Divisional Court dismissed APAI's appeal of the Environmental Review Tribunal decision on Tuesday January 31, 2017. Counsel for APAI has submitted Leave to Appeal.


Windlectric/Algonquin, the company granted approval to blanket Amherst island with 26, fifty storey turbines, has commenced dock construction on Amherst Island. The Company has not submitted a Marine Safety and Logistics Plan required by MOECC nor has it submitted an Operations Plan acceptable to Loyalist Township. No acceptable Emergency Response and Communications Plan is in place. No Roads Use Agreement with the County of Lennox and Addington has been approved.


In its first weeks of work the company blatantly disregarded commitments to only use the Island ferry for dock construction, to not disrupt the ferry schedule, to give notice of traffic disruptions and to consult with Amherst Island Public School staff and parents concerning road safety by the school. Not a good beginning!


Construction also ignores a Road Use Agreement between the Township and Windlectric signed in October 2015. The Agreement stipulates that “Windlectric will host a Town Hall meeting to obtain feedback from the public and address concerns to minimize the level of disruption, disturbance and inconvenience to the Municipality’s residents.”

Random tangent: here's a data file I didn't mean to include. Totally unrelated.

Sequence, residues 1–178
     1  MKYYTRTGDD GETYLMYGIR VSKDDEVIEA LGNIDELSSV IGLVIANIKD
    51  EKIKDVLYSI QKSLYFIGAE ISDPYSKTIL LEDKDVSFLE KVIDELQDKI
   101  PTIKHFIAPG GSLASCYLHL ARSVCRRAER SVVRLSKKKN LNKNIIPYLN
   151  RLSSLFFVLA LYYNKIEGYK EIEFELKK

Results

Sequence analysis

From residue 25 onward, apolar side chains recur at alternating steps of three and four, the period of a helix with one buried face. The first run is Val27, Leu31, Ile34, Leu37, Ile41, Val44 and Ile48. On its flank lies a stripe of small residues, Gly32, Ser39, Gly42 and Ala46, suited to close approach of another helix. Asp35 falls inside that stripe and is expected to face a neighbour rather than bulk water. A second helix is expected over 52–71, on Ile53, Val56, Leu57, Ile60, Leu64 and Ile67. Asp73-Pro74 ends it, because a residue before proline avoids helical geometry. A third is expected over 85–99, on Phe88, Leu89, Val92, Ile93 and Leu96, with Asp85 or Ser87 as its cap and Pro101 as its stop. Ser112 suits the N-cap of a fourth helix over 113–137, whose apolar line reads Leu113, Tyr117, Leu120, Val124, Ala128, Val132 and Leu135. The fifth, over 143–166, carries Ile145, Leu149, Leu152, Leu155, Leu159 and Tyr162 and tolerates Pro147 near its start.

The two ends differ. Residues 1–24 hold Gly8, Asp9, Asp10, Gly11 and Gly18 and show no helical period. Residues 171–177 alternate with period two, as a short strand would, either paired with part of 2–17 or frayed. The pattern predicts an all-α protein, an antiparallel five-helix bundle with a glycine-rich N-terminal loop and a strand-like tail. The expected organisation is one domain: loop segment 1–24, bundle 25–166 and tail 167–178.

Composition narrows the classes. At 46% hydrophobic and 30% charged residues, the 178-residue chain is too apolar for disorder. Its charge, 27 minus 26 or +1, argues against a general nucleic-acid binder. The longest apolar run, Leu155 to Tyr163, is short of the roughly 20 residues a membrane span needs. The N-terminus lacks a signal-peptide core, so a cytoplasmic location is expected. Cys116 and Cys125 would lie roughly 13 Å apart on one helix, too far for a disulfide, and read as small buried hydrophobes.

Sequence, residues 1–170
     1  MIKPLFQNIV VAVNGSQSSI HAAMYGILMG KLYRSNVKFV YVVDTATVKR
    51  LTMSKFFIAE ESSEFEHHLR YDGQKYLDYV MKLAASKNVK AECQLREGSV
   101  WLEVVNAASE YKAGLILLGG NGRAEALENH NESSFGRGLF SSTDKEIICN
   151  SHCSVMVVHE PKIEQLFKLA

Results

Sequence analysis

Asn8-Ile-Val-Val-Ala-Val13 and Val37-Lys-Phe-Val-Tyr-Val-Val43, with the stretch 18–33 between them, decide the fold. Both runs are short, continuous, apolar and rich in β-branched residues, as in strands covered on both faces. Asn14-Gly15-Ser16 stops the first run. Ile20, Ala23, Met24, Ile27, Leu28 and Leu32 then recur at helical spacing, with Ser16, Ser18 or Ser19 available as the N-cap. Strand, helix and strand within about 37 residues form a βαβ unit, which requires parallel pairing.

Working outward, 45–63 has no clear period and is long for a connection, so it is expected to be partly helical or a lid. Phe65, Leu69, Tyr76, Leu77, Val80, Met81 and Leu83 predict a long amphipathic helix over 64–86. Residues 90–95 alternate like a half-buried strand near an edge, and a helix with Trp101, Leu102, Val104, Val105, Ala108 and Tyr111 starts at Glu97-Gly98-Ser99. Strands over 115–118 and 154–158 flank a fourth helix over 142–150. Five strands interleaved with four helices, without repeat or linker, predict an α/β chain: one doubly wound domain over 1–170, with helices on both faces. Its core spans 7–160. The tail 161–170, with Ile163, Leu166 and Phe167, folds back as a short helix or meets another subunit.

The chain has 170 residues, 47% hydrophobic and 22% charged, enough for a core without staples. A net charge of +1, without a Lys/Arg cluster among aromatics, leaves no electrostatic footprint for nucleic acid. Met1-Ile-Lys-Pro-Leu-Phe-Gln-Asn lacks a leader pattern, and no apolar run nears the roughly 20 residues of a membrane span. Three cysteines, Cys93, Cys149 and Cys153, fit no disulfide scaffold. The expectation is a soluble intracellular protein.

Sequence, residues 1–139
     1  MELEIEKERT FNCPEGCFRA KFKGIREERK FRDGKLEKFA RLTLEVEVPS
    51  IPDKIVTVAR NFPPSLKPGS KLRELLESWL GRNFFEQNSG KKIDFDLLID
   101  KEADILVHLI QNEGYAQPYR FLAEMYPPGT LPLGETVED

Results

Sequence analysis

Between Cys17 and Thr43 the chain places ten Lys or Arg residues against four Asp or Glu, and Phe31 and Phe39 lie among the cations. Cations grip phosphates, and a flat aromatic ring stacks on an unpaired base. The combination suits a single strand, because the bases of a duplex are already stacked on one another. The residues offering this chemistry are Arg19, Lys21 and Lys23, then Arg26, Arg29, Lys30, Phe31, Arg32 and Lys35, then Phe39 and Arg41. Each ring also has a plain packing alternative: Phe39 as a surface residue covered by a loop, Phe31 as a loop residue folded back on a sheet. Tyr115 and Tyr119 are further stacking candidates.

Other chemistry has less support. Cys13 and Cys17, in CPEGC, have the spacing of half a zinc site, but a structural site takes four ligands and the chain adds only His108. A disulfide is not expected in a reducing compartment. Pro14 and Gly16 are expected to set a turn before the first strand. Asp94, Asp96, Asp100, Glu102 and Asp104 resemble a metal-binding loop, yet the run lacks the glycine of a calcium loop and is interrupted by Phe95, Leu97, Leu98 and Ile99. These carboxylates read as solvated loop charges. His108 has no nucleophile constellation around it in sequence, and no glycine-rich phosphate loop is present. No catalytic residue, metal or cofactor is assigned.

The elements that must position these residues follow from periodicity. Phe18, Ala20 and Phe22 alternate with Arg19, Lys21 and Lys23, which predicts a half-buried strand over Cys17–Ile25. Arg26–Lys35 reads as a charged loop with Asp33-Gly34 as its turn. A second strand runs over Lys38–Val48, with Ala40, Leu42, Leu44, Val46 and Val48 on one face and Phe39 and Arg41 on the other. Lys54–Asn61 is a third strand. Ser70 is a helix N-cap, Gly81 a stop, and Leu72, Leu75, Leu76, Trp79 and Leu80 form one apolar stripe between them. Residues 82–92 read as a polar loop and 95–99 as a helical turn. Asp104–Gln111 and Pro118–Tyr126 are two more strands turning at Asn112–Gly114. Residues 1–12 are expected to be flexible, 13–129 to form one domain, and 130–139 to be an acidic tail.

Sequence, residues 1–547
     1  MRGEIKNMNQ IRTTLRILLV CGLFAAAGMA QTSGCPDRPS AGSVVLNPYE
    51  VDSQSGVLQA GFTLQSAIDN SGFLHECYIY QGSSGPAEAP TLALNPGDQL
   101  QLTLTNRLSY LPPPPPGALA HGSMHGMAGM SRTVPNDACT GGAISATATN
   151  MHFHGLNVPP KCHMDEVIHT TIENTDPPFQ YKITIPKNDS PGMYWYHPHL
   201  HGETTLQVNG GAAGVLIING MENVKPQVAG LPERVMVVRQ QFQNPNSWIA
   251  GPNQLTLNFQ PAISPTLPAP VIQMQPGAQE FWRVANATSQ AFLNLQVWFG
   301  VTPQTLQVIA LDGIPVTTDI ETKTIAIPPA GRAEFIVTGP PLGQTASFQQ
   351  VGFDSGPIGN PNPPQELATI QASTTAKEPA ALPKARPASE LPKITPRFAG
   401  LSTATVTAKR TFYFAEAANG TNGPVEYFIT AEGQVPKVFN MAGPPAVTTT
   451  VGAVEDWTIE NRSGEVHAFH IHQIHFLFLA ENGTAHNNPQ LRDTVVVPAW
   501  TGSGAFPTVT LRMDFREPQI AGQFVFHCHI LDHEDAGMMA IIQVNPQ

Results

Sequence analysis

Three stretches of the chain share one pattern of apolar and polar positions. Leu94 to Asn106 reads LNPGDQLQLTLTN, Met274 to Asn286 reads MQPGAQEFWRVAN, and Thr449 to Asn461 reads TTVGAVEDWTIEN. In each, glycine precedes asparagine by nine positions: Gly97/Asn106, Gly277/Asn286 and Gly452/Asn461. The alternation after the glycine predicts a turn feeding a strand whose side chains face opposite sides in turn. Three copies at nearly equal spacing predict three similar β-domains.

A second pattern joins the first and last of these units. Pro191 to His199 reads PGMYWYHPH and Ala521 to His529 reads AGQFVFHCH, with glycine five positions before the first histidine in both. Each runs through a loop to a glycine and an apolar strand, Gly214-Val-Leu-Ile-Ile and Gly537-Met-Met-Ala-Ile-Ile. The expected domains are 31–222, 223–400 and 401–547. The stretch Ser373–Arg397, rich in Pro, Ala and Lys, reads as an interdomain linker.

Call to Action


Please request Premier Wynne (premier@ontario.ca or 416-325-1941) and Minister Murray (minister.moecc@ontario.ca or 416-314-6790) to cancel the project without penalty because of the company's inability to achieve its Commercial Operations Date and because it's absolutely the right thing to do.


We are being bullied AND we are resilient, tenacious, and absolutely committed.


Decommissioning – Amherst Island

Decommissioning of industrial wind turbines in Ontario is an environmental disaster waiting to happen. The Association to Protect Amherst Island advised the Minister of the Environment that Windlectric/Algonquin in its decommissioning report proposes to cut up and dispose of wind turbine blades after twenty years in regulated municipal landfill sites. The Association pointed out that even a small blade contains about 10 tons of epoxy resin made with dangerous Bisphenol A known to damage human health.

APAI asked the Minister where these “regulated municipal landfill sites” are located, where the regulated sites are with capabilities to cut up turbine blades, and whether BPH is permitted in Ontario landfills.  To date, no answer has been received.

Decommissioning will cause as much environmental impact on the Island as construction.

Amherst Island residents are concerned about Windlectric/Algonquin Power’s decommissioning plans for the 36 wind turbines in our community. We’ve seen examples in Hawaii and California – both early adapters to wind energy – of what abandoned, derelict fields of industrial wind turbines look like when their former owners walk away.

abandoned wind turbines

We keep reminding the Ontario Government that the project is proposed for an ISLAND where every component has to be transported to and from the project by barge at great cost.